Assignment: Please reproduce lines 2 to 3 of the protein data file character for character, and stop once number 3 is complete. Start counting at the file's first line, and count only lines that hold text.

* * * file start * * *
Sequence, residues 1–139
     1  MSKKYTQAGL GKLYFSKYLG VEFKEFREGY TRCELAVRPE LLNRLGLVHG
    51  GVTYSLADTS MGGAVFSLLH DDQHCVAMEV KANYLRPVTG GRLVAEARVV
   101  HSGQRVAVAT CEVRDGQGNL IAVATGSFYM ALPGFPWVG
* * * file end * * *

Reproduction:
     1  MSKKYTQAGL GKLYFSKYLG VEFKEFREGY TRCELAVRPE LLNRLGLVHG
    51  GVTYSLADTS MGGAVFSLLH DDQHCVAMEV KANYLRPVTG GRLVAEARVV